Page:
Japan fires air force head for controversial essay

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TOKYO (AP) — Japan's defense minister dismissed his air force chief on Friday for writing an essay that claimed the country was not an "aggressor" in World War II and was trapped into getting involved in the conflict by the United States.
Toshio Tamogami's essay will likely upset relations with China and South Korea, who remain bitter about Japan's wartime occupation and say Tokyo has failed to properly atone for its invasion of the Korean peninsula, Taiwan and parts of China.

"His views are different from the government's. It is not desirable for him to stay in the job," Defense Minister Yasukazu Hamada told reporters soon after the essay was made public Friday.

Tamogami was not available for comment late Friday and a defense ministry spokesman said the former air force chief had not released a statement. He spoke on condition of anonymity, citing department policy.

In the essay, titled "Was Japan an Aggressor Nation?" Tamogami said it was "certainly a false accusation" to say Japan was "an aggressor nation" during World War II.

"The current Chinese government obstinately insists that there was a 'Japanese invasion,' but Japan obtained its interests in the Chinese mainland legally under international law through the Sino-Japanese War, the Russo-Japanese War, and so on, and it placed its troops there based on treaties in order to protect those interests," he wrote.

He also claimed life under Japanese occupation was "very moderate" and cited a rise in the population on the Korean peninsula during Japan's 1910-1945 occupation as "proof that Korea under Japanese rule was also prosperous and safe."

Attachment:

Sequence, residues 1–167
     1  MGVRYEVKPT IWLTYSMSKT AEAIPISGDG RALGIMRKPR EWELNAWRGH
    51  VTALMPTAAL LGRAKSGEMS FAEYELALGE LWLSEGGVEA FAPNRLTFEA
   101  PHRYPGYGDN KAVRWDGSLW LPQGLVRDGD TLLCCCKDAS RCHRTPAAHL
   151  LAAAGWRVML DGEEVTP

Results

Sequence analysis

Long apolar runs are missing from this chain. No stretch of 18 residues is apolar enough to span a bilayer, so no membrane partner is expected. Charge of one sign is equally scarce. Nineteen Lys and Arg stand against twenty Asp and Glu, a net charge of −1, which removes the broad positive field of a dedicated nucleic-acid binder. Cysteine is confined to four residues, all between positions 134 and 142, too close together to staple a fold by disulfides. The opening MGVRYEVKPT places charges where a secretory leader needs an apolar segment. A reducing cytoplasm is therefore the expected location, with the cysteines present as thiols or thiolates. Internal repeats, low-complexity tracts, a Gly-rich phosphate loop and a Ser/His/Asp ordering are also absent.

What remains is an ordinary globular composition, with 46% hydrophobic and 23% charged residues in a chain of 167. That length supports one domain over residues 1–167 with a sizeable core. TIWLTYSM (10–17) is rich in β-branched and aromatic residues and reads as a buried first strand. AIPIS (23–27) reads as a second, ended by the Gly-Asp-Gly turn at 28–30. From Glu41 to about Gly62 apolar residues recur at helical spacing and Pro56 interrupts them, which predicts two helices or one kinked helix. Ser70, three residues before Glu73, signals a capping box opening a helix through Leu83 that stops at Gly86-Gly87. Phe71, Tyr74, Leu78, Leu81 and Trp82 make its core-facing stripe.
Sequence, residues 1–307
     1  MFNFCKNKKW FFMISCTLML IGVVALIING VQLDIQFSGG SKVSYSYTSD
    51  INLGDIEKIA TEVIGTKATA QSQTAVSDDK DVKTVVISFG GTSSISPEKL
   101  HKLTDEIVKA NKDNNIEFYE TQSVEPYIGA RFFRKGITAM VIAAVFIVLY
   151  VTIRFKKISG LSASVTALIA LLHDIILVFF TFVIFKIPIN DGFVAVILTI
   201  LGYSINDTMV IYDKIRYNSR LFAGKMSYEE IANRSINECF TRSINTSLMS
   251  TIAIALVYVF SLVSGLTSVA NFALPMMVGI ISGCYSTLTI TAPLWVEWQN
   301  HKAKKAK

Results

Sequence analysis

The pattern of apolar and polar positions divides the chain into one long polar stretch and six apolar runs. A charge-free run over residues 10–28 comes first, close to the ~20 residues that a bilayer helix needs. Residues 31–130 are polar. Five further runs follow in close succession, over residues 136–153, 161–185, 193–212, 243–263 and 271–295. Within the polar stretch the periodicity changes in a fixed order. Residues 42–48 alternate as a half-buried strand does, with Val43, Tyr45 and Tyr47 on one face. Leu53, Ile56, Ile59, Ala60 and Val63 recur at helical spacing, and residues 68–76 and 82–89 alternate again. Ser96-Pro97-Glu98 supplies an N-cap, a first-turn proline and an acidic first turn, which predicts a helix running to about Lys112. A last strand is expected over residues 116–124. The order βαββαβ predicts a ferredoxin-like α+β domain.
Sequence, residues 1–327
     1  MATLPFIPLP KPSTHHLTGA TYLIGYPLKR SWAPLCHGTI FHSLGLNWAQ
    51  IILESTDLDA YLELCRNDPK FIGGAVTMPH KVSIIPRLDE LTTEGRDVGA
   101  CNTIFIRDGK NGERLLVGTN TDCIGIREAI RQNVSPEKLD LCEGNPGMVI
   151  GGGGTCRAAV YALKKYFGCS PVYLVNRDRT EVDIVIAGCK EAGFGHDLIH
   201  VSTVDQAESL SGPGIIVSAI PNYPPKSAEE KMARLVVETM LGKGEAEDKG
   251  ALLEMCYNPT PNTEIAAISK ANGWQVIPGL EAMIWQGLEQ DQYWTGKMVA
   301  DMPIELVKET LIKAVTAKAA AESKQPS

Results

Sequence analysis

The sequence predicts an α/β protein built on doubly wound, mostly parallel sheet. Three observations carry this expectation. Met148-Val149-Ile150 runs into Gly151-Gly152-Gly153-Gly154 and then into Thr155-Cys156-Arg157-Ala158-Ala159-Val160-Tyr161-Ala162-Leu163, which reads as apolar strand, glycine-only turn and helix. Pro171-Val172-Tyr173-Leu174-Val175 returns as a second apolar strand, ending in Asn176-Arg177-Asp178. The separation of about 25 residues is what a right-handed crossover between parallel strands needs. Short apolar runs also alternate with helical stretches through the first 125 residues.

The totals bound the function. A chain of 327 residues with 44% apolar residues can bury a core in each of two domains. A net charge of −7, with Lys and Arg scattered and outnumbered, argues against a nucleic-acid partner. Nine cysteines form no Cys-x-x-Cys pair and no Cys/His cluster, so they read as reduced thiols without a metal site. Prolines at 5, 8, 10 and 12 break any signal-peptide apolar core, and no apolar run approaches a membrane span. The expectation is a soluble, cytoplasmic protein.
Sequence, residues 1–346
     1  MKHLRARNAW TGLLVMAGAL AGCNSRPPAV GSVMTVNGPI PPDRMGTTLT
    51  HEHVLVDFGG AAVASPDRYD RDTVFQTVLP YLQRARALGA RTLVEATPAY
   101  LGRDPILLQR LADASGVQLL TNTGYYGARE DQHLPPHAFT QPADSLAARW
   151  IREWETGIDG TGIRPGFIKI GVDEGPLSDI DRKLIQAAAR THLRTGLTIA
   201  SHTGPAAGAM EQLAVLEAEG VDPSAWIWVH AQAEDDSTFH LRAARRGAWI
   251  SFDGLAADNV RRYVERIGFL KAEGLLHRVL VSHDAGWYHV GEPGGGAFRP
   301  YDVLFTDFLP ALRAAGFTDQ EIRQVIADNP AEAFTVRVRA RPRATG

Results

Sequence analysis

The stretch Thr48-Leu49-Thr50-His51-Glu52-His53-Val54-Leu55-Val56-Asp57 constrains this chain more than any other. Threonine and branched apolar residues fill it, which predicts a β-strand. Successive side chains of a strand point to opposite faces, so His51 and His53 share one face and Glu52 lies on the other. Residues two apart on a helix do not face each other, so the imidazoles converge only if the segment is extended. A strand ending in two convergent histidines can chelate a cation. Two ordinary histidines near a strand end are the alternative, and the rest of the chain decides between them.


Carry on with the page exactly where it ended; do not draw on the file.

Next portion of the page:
Tamogami also claimed that Japan was tricked into attacking Pearl Harbor on December 7, 1941, by U.S. President Franklin D. Roosevelt.

Japan was "snared in a trap that was very carefully laid by the United States in order to draw Japan into a war," he wrote.

"Roosevelt had become president on his public pledge not to go to war, so in order to start a war between the United States and Japan, it had to appear that Japan took the first shot. Japan was caught in Roosevelt's trap and carried out the attack on Pearl Harbor," he wrote.

Tamogami ended his essay saying Japan should reclaim its glorious history and warning that a country that denies its own history is destined to fall.

Japan renounced its right to wage war in its 1947 U.S.-drafted constitution, and Tokyo has repeatedly expressed remorse to its neighbors for its colonial rule and wartime aggression, including in a 1995 statement by then-Prime Minister Tomiichi Murayama to mark the 50th anniversary of the war's end.

But Japan has struggled to convince Asian critics — and victims — of its contrition because of a strong nationalist presence in the Japanese government. Last year, a group of nationalist lawmakers from the ruling Liberal Democratic Party angered China by saying the generally accepted death toll in the "Rape of Nanking" massacre was grossly inflated.

Tamogami's essay won a writing competition organized by a hotel and condominium developer, Apa Group, which published the prize-winning article on Friday.